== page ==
When visiting Hong Kong during the National Day Golden Week holidays, choose less busy boundary control points to cross the border with ease. Click here to check the passenger traffic at each control point, or download the Hong Kong Immigration Department app to check the estimated queuing situation at each land boundary control point.
Established in 1977, the Hong Kong Arts Centre plays host to a variety of artistic events including live performances, movie screenings, and art exhibitions by local and international artists. Don’t forget to check out the art shop at HKAC, which offers beautiful art pieces by local artists ranging from handcrafted ceramics and accessories to books, paintings, and much more.
Wan Chai Waterfront Promenade has become one of the city’s most sought-after Instagrammable hotspots thanks to home-grown artist Prudence Mak. The promenade features a series of fun paintings, floor murals and installations under the theme of ‘Chocolate Rain’, a cartoon design inspired by childhood dreams and adventures. The artworks also double up as different childhood games like hopscotch and mazes, encouraging the public to not only look, but also play, interact, and create special memories with them. In addition to artworks by Mak, selected works from the Harbourfront Public Furniture Competition can also be found near Wan Chai Ferry Pier.
The Hong Kong Cultural Centre and adjacent historic clock tower are visitor favourites for capturing photos of the harbour. Built in 1989, the curved and concave shaped building is the go-to venue for international touring theatre shows, world-class concerts, operas, and live performances.
After renovation, the Hong Kong Museum of Art reopened its doors to the public with a sleek new look and upgraded facilities. Admire the museum from the outside where the ripple effect of the building facade echoes the waves of Victoria Harbour.
Hong Kong’s answer to the Hollywood Walk of Fame, the Avenue of Stars pays tribute to some of the city’s most illustrious names in the film industry. Grab a selfie with sculptures of cinematic icons by the waterfront — even the beloved local cartoon character McDull has a prime spot in front of the harbour’s skyline — and discover over 100 celebrity handprints on the boardwalk’s wooden railings. While you’re there, learn more about each film icon by scanning the QR codes from each set of prints to read the artists’ bios or watch selected clips from their films.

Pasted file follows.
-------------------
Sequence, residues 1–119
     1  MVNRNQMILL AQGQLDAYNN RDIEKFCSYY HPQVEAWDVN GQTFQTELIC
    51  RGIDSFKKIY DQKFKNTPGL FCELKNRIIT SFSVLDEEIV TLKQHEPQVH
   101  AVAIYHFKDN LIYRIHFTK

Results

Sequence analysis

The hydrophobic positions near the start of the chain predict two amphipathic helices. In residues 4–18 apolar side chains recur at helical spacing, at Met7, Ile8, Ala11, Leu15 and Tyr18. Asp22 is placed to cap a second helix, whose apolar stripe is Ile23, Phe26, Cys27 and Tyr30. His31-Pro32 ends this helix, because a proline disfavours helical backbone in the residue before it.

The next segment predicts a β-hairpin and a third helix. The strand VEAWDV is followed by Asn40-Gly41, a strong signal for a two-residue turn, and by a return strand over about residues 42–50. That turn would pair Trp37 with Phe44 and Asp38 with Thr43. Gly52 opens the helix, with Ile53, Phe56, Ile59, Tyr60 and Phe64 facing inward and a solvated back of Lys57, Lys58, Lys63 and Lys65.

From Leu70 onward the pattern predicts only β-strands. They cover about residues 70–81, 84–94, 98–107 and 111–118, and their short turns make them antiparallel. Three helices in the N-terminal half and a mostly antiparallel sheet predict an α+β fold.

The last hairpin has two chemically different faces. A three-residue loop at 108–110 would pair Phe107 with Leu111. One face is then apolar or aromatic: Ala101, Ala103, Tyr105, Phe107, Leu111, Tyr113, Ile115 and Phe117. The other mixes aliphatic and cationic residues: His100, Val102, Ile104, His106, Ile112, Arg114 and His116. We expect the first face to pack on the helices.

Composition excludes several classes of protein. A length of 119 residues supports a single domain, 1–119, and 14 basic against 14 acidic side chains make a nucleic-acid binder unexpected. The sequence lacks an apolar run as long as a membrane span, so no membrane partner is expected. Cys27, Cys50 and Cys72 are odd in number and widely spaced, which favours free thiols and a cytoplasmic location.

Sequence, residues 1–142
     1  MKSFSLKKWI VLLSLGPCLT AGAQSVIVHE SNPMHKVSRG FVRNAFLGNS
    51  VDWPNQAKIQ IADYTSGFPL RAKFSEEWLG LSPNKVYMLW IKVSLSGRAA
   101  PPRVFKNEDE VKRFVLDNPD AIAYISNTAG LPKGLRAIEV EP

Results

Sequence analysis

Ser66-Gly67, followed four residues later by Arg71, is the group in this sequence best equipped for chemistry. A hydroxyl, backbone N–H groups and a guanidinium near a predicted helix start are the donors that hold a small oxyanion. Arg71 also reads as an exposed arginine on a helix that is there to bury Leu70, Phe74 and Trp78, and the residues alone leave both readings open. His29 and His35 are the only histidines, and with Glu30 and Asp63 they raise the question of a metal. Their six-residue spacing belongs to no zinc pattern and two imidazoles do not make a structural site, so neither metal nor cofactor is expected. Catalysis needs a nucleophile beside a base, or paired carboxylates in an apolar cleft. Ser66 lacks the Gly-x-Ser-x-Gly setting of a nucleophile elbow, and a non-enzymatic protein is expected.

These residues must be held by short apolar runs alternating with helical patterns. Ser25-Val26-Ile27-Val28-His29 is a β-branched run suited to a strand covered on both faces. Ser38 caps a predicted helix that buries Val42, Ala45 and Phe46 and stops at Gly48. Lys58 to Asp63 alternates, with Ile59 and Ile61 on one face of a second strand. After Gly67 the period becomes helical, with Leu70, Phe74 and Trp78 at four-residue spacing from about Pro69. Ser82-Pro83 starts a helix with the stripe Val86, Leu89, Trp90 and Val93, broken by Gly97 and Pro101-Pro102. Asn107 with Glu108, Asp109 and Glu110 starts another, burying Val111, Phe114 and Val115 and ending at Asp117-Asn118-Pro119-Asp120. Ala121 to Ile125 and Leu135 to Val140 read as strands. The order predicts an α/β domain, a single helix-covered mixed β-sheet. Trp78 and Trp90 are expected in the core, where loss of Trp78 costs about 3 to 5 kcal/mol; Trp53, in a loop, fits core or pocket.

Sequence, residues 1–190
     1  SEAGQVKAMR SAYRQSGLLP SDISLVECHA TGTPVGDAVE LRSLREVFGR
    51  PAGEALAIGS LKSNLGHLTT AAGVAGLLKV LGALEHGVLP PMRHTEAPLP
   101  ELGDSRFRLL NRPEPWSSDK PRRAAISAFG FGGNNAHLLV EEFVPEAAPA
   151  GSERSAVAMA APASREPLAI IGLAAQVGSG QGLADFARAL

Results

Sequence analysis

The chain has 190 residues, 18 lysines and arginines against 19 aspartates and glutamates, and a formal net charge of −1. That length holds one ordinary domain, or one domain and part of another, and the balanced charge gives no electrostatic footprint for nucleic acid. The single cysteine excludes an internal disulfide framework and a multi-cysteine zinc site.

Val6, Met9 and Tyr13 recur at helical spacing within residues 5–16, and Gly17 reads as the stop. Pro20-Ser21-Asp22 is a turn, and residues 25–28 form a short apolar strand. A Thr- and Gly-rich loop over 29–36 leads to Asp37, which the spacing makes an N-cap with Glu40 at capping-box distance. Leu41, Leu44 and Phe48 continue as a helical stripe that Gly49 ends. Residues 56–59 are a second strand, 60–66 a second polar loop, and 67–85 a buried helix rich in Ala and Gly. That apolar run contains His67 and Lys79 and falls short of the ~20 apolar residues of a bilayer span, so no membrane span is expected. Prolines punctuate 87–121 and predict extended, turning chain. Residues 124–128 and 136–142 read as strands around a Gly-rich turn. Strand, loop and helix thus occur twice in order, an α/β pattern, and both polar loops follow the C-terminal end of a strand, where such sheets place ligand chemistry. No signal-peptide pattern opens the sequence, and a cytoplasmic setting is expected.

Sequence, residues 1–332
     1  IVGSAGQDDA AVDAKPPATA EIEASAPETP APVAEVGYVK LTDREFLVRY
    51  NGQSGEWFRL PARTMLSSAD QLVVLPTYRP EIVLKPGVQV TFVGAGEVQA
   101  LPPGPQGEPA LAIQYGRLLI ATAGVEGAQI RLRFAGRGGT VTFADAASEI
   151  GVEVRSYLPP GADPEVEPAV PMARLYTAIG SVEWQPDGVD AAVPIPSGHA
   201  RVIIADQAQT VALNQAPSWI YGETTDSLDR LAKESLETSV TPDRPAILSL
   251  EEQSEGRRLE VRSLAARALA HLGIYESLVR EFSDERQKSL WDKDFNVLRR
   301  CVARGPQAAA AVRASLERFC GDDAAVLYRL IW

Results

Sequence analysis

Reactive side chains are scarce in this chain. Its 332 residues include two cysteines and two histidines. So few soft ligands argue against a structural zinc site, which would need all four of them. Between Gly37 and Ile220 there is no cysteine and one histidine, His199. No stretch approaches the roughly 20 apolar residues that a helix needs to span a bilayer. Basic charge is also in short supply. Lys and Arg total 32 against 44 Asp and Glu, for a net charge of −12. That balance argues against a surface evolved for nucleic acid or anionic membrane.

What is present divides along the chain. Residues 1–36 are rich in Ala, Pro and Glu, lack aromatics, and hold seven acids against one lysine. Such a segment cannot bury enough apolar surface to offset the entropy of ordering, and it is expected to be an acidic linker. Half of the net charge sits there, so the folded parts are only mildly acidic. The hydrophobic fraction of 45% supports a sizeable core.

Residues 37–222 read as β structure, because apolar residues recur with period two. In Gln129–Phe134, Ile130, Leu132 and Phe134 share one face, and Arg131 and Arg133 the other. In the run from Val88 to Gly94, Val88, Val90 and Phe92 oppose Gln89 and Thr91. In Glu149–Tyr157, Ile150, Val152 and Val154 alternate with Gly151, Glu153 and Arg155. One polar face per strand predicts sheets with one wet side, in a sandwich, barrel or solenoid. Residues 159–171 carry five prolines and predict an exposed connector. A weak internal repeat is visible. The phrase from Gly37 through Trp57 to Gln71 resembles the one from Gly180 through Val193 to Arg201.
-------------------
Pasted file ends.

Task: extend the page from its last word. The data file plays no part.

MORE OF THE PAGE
K11 MUSEA is a pioneering cultural-retail landmark located on the Victoria Dockside harbourfront area of Tsim Sha Tsui. Besides offering high-end designer goods and exceptional dining outlets, the complex also hosts immersive experiences in world-class art, culture, nature, and commerce. Art is an integral part of the landmark — it is not uncommon to see large-scale installations in the middle of a walkway or mounted on a side wall. Coupled with an eclectic list of art events, collaborations, experiences, and workshops that run throughout the calendar year, visitors will have no shortage of things to see and do here.
A premier performing arts venue dedicated to promoting and celebrating the art form and rich heritage of xiqu, or Chinese opera, Xiqu Centre houses two theatres, four professional studios, a seminar hall and a souvenir shop, as well as restaurants and cafes. Head to the Tea House Theatre for an experience with short excerpts of Chinese classical music, or relax in the atrium where regular events such as exhibitions, music performances, and xiqu demonstrations are held. Even the building itself is a marvel on its own. The striking architecture, designed by Revery Architecture and Ronald Lu & Partners, was inspired by traditional Chinese lanterns, while the main entrance is shaped to resemble parted stage curtains.
M+ is one of the largest museums of modern and contemporary visual culture in the world, located in Hong Kong’s West Kowloon Cultural District. Officially open to the public at the end of 2021, the museum boasts 65,000 square metres dedicated to collecting, exhibiting, and interpreting visual art, design and architecture, moving image, and Hong Kong visual culture of the 20th and 21st centuries. There are 33 galleries as well as a number of public display spaces, retail stores, F&B outlets, and vantage points to admire vistas of the waterfront.
Sitting prominently along the waterfront, the West Kowloon Art Park offers vast green spaces and ample venues for art and cultural events. Of course, there are plenty of Instagrammable spots too. Take a photo of the beautiful sunset by the waterfront with an unobstructed view of the skyline, or check out the 35-metre-long mural by local artist Calvin Ho which consists of over 25 quirky characters, ranging from aquatic centaurs to mushroom people to extraterrestrial beings.